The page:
Food for Thought Middle School Unit by the Westminster Schools
How is our food grown and harvested and by whom? Who am I in relationship to my community? In what ways can I give? How can I make a difference for a cause or issue about which I care?
"Food for Thought” is a service-learning unit for the entire seventh grade that engages students in thinking about how food is grown and harvested, the challenges of meeting the basic need of food, the issue of “food insecurity” in the world, and the power of advocacy. This three- to four-week curriculum occurs mainly in English (during study of the Steinbeck novel, Of Mice and Men), and also in Advisement, History and Bible classes. Advisement is used to continue and deepen the learning, to have guest speakers, and to provide off-campus, experiential exploration of the topic. Through readings, research, site visits, and local speakers, students are challenged to think about food in a new way and connect to their local community.
In the fall before this unit occurs, Westminster students have a similar experience around the topic of immigration, where they look at their own families’ stories and learn about the immigration stories of others in their community.
Before teaching the course, take this educator mini-course that prepares the educator for teaching and leading "Food for Thought": Teaching "Food for Thought": A Middle School Interdisciplinary Unit “Food for Thought” teachers and advisors meet before the topics are introduced to share ideas and best practices for incorporating these themes into their current curriculum.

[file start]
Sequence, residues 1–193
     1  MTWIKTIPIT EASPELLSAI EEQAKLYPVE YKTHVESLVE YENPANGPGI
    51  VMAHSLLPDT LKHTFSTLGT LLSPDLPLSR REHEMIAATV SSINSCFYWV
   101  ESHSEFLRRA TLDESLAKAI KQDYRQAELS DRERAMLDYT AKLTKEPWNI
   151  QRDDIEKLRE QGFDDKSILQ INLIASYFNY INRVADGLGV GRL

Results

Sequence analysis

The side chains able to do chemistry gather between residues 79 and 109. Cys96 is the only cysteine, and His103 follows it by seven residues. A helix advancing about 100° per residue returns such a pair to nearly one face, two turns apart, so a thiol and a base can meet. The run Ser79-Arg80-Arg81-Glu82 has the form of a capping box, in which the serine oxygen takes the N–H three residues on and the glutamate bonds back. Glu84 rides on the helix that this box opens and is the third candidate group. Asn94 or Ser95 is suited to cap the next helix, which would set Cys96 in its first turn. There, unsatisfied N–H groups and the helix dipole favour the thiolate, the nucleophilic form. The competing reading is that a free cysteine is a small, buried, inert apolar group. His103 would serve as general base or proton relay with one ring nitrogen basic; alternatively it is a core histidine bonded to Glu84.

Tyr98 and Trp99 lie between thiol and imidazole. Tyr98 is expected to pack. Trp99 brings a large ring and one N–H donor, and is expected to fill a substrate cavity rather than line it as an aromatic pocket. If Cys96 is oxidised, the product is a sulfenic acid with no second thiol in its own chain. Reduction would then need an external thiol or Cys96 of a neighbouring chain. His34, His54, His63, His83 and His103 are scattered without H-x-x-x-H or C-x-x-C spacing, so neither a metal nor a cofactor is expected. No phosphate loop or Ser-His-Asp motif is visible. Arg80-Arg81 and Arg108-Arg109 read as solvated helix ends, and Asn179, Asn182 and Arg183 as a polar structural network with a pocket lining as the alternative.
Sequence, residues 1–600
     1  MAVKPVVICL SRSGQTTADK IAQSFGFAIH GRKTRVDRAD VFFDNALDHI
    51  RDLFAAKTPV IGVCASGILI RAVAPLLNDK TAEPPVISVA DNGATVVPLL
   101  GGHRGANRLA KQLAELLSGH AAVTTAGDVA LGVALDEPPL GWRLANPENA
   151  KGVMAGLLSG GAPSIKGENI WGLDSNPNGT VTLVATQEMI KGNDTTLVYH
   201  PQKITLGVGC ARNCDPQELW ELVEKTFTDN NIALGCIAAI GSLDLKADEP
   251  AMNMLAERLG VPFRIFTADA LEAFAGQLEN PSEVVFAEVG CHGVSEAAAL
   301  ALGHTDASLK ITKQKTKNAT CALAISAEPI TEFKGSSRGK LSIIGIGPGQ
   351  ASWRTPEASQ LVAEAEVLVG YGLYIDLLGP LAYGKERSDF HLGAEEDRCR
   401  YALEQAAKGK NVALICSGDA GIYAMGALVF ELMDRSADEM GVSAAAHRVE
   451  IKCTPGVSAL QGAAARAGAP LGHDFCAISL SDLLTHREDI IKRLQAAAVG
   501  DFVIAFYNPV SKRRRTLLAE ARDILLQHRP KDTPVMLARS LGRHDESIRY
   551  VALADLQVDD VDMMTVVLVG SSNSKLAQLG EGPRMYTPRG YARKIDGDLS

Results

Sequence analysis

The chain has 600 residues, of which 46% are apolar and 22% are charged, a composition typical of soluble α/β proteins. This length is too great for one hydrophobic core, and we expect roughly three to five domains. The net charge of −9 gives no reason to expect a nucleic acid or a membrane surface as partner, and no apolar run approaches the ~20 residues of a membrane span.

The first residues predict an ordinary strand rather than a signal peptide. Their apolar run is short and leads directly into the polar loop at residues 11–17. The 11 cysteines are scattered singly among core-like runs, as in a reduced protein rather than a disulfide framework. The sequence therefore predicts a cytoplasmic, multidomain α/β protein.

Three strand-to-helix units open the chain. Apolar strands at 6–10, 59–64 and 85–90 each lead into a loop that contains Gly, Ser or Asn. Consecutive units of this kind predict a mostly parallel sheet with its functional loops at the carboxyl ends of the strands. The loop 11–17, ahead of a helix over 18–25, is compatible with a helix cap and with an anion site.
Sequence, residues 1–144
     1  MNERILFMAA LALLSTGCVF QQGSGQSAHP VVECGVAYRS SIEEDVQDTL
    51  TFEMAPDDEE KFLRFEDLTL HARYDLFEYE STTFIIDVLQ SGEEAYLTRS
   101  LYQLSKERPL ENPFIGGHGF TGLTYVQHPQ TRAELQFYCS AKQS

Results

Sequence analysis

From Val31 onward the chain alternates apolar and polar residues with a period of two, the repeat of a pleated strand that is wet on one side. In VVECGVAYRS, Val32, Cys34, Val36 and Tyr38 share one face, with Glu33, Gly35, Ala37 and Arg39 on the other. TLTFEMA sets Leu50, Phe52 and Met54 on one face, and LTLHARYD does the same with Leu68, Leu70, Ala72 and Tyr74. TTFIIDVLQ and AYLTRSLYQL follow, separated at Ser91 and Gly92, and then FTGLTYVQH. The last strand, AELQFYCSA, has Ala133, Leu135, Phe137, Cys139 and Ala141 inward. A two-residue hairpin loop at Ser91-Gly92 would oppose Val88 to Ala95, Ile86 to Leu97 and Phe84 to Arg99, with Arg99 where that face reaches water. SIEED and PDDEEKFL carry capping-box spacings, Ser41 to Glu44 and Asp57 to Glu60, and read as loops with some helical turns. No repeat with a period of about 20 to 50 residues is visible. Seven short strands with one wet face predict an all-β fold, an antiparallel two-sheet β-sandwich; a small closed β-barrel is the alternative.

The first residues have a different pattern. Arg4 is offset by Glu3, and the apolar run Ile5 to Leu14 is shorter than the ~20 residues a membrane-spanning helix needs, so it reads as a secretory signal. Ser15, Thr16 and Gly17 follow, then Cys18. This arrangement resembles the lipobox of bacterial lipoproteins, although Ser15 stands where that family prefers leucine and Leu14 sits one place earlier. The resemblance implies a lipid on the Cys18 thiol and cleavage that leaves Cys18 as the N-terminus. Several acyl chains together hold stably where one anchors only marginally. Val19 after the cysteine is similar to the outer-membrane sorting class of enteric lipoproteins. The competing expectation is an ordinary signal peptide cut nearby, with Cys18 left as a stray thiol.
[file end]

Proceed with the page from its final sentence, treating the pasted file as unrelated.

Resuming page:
Authors and/or teachers of this unit: Seventh grade English, History, and Bible teachers and advisors Jan Allen, Hartley Glass, Leslie Ann Little, Lydia Hansen, Tina McCormick, Colin Mackey, Russell Wrenn, Carter Thomas, Catherine Zidow, Callie Crabb, Jim Falcetti, Joey Jarrell, Chuck Breithaupt, Eric Centeno, and Melanie Lester.
To help students understand the challenges of feeding a family a healthy meal on a limited budget.
To help students understand how nonprofit organizations effectively address issues of poverty, food insecurity, immigration, and disenfranchisement locally and globally. To help students experience and understand how farming works.
To help students understand how to use their voices to advocate for causes about which they care.
For students to choose a cause to which they have a personal connection and write letters to advocate for change.
To help students see music as an art form that identifies social injustice, advocates for change, and proclaims hope on behalf of the forgotten.
To produce paintings or drawings that represent their “Dream of Peace” and that are submitted to an art competition.
A teacher using this lesson can look for art competitions locally or nationally that are sponsored by a museum, organization, or school district; a teacher might consider hosting a competition or exhibit at your school to recognize students’ work. Westminster students were preparing art focused on their visions of peace for a contest sponsored by Friendship Force International, and exhibited at an international gathering of Nobel Peace Prize laureates.
To help students understand important events in U.S. History during the time period of the setting for the novel Of Mice and Men; these include westward expansion, the Great Depression and the Dust Bowl.